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The decision of the Authority follows:
52 FLRA No. 15
FEDERAL LABOR RELATIONS AUTHORITY
AMERICAN FEDERATION OF GOVERNMENT EMPLOYEES
U.S. GOVERNMENT PRINTING OFFICE
PUBLIC DOCUMENTS DISTRIBUTION CENTER
DECISION AND ORDER ON A NEGOTIABILITY ISSUE
September 11, 1996
Before the Authority: Phyllis N. Segal, Chair; Tony Armendariz and Donald S. Wasserman, Members.
I. Statement of the Case
This case is before the Authority on a negotiability appeal filed by the Union under section 7105(a)(2)(E) of the Federal Service Labor-Management Relations Statute (the Statute), and concerns the negotiability of one proposal providing that certain duties will be performed by a supervisor. For the reasons that follow, we find that the proposal affects management's right to assign work and is, therefore, outside the duty to bargain.
The duties of Postage Report information for SSU, and Reimbursable reports for Unit II be returned to supervisory duties.
III. Positions of the Parties
The Union asserts that as a result of an unfair labor practice charge filed by the Union, the parties agreed to bargain over proposed changes related to the assignment of duties to employees.(1) The Union maintains that, as management was willing to negotiate and did agree to other matters related to the assignment of duties to the employees, the remaining proposal is also negotiable. According to the Union, the duties of postage and reimbursable report preparation were formerly performed exclusively by supervisors. The Union maintains that these duties "place an unfair burden on bargaining unit employees, in that errors made in these two (reporting) duties may seriously affect the operation of [the] Agency, as well as damage the yearly evaluation of [the] employees." Petition for Review at 1-2.
The Agency argues that the proposal violates its rights, under sections 7106(a)(2)(A) and (B) of the Statute, "to assign and direct work." Statement of Position at 1. Contrary to the Union's claim that the duties of postage and reimbursable report preparation were exclusively performed by supervisors, the Agency asserts that these duties are included in the position descriptions of unit employees, although previous supervisors had undertaken these duties. The Agency contends that because it is clearly established that proposals concerning the assignment of work to supervisors are nonnegotiable, the proposal is nonnegotiable. Finally, the Agency maintains that the proposal is not an appropriate arrangement within the meaning of section 7106(b)(3).
IV. Analysis and Conclusion
Although the Agency claims that the proposal violates its right under section 7106(a)(2)(A) to direct work, section 7106(a)(2)(A) concerns the right to direct employees.(2) It is clear from the Agency's brief, as well as the cases on which the Agency relies, that the Agency is claiming that the proposal violates its right to assign particular duties to particular employees under section 7106(a)(2)(B) of the Statute. Consequently, we construe the Agency's claim that the proposal violates its right to direct work as a claim that the proposal affects the Agency's right to assign work under section 7106(a)(2)(B) of the Statute.(3)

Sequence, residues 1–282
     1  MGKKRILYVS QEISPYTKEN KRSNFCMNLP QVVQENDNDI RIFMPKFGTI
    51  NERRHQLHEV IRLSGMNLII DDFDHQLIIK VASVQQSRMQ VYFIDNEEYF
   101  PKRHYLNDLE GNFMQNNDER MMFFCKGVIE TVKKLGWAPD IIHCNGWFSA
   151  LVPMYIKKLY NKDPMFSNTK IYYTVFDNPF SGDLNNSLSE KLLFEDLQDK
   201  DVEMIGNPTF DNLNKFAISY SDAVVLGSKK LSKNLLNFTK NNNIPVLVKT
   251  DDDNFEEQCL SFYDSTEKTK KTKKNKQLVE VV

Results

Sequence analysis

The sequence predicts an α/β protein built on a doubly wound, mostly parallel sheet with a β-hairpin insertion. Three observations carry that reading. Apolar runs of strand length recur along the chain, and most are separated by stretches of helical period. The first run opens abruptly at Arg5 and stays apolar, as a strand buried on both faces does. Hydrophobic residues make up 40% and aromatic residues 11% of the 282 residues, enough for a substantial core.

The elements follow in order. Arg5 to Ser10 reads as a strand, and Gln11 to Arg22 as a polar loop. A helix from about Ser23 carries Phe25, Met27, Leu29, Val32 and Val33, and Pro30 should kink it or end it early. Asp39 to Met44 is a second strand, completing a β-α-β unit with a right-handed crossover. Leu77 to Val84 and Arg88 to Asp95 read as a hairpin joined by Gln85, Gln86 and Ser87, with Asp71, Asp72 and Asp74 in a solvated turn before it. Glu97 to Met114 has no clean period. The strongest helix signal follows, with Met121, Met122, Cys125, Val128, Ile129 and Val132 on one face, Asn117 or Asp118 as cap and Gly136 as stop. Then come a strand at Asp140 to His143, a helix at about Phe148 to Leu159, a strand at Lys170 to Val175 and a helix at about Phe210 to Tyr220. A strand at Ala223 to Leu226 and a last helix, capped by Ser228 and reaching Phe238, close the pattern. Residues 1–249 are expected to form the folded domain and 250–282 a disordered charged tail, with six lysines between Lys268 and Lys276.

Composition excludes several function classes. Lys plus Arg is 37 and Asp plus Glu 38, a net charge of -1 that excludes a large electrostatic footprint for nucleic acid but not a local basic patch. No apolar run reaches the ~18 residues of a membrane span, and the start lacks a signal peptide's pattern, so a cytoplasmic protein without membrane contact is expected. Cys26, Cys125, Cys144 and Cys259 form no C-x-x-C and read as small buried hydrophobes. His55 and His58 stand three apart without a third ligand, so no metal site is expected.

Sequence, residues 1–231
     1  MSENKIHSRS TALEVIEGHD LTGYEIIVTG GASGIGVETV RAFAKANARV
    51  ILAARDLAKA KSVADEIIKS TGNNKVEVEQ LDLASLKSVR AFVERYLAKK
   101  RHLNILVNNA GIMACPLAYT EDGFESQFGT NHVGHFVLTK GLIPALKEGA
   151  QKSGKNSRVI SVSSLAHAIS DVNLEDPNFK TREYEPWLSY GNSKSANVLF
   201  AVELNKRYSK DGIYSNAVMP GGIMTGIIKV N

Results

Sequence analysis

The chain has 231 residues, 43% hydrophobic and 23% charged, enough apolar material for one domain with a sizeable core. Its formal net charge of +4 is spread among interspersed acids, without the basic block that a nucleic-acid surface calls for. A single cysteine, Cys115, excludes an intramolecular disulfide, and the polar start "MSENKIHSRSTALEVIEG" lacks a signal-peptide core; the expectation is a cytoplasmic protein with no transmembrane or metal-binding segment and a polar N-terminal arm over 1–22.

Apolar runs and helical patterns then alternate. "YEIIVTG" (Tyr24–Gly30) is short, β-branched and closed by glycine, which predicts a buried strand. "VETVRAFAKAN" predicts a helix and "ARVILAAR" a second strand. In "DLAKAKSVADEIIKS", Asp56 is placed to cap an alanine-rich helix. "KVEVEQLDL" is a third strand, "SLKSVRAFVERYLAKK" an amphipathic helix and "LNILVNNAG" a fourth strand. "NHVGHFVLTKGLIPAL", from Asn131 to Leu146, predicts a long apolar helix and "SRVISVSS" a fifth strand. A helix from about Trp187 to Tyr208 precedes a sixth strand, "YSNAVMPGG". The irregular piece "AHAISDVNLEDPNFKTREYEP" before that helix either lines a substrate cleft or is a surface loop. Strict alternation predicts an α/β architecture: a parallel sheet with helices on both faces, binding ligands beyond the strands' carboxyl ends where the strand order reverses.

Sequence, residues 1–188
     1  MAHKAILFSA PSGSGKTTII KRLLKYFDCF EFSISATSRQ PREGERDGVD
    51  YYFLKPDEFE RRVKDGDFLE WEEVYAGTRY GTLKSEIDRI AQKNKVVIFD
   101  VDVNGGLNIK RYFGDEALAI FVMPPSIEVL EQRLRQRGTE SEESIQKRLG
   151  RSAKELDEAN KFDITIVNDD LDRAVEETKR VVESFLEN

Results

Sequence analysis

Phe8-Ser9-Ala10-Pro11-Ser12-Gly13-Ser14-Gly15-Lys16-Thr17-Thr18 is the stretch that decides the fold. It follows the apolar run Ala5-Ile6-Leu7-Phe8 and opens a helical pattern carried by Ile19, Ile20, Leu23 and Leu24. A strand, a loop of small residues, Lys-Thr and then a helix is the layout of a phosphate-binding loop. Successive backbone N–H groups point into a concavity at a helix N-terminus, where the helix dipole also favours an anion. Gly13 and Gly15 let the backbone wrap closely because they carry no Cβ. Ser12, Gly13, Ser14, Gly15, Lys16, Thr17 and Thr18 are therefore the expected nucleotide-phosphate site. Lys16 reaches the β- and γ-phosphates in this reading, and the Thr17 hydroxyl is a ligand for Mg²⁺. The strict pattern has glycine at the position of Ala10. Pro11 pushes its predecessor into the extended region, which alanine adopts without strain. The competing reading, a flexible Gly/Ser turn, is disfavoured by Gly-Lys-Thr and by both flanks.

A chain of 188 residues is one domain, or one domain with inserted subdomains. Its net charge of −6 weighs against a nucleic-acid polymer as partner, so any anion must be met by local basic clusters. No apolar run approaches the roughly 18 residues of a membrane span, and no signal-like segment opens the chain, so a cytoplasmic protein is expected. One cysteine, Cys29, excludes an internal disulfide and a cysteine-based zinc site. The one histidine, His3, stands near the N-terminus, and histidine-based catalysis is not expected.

The right of an agency to assign work under section 7106(a)(2)(B) of the Statute includes the right to determine the particular duties to be assigned, the right to decide when work assignments will occur, and the right to decide to whom or what positions the duties will be assigned. American Federation of Government Employees, National Border Patrol Council and U.S. Department of Justice, Immigration and Naturalization Service, 51 FLRA 1308, 1315 (1996). Additionally, proposals or provisions that concern the assignment of specific duties to particular management officials directly interfere with an agency's right to assign work. Id.
The proposal seeks to require the Agency to assign the duties of preparing the postage and reimbursable reports to a supervisor rather than to a member of the bargaining unit. As such, the proposal affects management's right to assign work under section 7106(a)(2)(B) of the Statute. Id. As the Union makes no claim that its proposal is intended to be an appropriate arrangement under section 7106(b)(3), there is no need to address the Agency's argument that the proposal is not an appropriate arrangement.(4) Accordingly, we conclude that the proposal is outside the duty to bargain.
The petition for review is dismissed.
(If blank, the decision does not have footnotes.)
1. The settlement agreement between the parties provided that the "Agency and the Union will commence bargaining over the proposed changes . . . and negotiate to agreement or impasse . . . ." Attachment to Petition for Review.
2. The right to direct employees has been defined as the right to supervise and guide the employees in the performance of their duties on the job. National Association of Government Employees, Local R1-109 and U.S. Department of Veterans Affairs, Medical Center, Newington, Connecticut, 47 FLRA 651, 656 (1993).
3. In this regard, the Agency makes no claim, and thus we do not address, whether the proposal also would be found to be outside the duty to bargain because it determines the terms and conditions of employment of non-unit employees.
4. The Union makes no claim that the Agency's refusal to bargain over the proposal violates the settlement agreement. Therefore, there is no need for us to address that matter. We note, in this regard, that the settlement agreement does not address the negotiability of the proposals.